Some visitors, such as travelers from Russia, Turkey, and Ukraine, need to obtain an Electronic Travel Authorization (ETA) for Mexico before they travel. They can apply for the ETA online, paying a fee at the same time, and will receive notice when it is approved. Only after formal approval can they then travel to Mexico.
There are currently more than 100 countries where citizens need some kind of permit in advance to visit Mexico. Some are obvious pariah states such as Afghanistan, Syria, Cuba, and Myanmar, but others include China, neighboring Guatemala, and Brazil. See the official government list here (in Spanish).
Check with your local Mexican consulate if your passport is on the list. In some cases, you may just need to apply online and there won’t be much hassle. In some cases, you just fill out a questionnaire with your vitals, hit “send,” and get an answer back automatically if you didn’t set off any red flags. You then get a document with a barcode to print out and bring.
In some cases, the validity period of the permit (entry) is only 30 days from the date of issue. After the expiration of the validity period, you can request a new permit. The period of stay in the country is determined by the terms specified when filling out the electronic questionnaire. This permit gives the right to enter Mexico once.
The FMM and Your Number of Days in Mexico
Every foreign citizen, including temporary and permanent residents of Mexico, upon arrival in the country at passport control, must submit a completed immigration form. It is also called a tourist visa or FMM (Forma Migratoria Multiple). Immigration will take the top part of this stamp both parts, and hand you back the bottom section, which you must hand over upon departure. Put this in a safe place with your passport!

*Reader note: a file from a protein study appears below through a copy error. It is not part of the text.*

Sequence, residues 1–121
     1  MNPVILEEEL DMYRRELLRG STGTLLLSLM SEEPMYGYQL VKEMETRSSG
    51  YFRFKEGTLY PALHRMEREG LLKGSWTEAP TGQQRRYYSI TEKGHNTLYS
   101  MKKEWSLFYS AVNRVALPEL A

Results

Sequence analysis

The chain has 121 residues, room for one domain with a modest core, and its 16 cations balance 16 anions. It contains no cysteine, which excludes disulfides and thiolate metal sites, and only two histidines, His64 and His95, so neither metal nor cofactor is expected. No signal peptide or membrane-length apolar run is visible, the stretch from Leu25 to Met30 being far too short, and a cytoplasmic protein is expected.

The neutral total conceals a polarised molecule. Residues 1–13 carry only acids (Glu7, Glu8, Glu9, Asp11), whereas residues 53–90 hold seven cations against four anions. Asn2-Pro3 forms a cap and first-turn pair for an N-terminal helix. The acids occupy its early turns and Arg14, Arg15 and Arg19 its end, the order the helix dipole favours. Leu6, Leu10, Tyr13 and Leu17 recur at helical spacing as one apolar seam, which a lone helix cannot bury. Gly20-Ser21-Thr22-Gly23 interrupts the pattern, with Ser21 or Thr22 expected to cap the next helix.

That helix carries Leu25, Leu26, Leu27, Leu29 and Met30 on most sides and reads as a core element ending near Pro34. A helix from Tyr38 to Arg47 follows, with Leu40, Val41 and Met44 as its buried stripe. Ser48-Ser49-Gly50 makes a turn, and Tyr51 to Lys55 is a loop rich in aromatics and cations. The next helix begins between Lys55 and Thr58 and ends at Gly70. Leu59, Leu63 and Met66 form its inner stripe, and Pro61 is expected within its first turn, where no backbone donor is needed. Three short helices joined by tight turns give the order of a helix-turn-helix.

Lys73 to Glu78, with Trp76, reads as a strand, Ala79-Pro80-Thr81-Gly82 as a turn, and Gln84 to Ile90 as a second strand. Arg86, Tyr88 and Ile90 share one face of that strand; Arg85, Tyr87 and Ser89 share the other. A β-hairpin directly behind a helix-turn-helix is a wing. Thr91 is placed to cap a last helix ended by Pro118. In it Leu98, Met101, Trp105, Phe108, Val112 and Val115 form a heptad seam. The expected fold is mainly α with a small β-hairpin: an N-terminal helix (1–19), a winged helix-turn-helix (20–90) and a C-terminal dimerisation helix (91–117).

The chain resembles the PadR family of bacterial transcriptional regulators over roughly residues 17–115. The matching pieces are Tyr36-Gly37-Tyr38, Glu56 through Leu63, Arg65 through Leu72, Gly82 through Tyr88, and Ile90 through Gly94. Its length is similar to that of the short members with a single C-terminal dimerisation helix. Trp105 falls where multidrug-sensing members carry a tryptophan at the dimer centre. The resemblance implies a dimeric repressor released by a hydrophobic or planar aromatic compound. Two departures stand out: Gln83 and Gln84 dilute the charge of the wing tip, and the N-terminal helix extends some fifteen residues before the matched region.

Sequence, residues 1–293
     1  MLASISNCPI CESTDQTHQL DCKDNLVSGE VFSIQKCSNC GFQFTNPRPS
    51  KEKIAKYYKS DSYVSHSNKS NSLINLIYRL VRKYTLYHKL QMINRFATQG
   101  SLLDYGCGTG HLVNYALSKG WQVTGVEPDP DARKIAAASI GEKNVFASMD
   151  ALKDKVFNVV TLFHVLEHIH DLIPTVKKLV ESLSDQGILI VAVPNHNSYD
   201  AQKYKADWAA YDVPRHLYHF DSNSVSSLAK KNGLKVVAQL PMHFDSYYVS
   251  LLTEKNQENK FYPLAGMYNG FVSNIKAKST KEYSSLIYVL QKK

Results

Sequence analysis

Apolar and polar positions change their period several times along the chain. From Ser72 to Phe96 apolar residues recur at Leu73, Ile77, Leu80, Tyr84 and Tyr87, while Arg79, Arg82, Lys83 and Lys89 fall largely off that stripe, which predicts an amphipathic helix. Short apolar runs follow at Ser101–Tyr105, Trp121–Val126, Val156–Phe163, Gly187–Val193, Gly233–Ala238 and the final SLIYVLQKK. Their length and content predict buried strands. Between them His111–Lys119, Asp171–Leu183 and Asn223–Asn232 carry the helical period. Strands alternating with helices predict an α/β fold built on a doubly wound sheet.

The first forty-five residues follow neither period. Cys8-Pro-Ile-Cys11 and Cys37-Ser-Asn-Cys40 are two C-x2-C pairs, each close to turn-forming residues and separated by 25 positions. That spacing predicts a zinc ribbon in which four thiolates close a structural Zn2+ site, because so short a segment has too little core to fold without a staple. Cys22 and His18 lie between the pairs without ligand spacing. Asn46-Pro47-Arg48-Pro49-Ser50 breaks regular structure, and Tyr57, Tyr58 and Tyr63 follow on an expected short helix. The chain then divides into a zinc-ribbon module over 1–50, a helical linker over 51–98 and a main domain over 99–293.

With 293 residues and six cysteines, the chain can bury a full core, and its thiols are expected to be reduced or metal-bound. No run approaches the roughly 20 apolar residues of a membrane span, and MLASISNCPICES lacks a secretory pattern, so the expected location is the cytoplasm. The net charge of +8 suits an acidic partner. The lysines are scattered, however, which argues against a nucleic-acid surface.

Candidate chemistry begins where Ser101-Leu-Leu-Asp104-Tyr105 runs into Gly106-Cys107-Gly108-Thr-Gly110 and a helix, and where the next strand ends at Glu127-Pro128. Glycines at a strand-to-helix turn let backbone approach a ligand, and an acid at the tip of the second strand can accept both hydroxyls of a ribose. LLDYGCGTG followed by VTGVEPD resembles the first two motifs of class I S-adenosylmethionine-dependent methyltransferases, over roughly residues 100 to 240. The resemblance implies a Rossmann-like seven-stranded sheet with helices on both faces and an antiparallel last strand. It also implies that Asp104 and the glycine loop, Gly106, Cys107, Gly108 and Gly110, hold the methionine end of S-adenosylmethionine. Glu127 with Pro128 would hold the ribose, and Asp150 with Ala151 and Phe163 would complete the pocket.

It is important to know that it is in this document, and only in it, that it will indicate how many days you have the right to stay in Mexico as a tourist. You can’t lose your immigration form. If you lose it, you won’t be able to leave Mexico until you get a new FMM. Some websites advise you to fill out this form online in advance, but it’s not advised to do that now since it has security measures like most currencies do to show that it is official. So just assume you can get the FMM form on your flight to Mexico or just before the immigration counters at airports before passport control. All data must be entered by hand in Latin letters.
In the past, nearly everyone who entered Mexico from the USA, Canada, UK, or EU got 180 days on their FMM, with few questions asked. This was a dream for snowbirds who come down every year and also made Mexico one of the most popular destinations for digital nomads during the pandemic. Unfortunately, some people overstayed their visa, others kept going and coming for years on temporary “tourist” visas, and somebody in the government apparently got annoyed. Despite all the money these people brought in (with very little use of public services), the government got the word out to immigration officials in late 2021 to stop giving out so much time to everyone automatically, especially those who were coming in with no clue about where they’d be staying.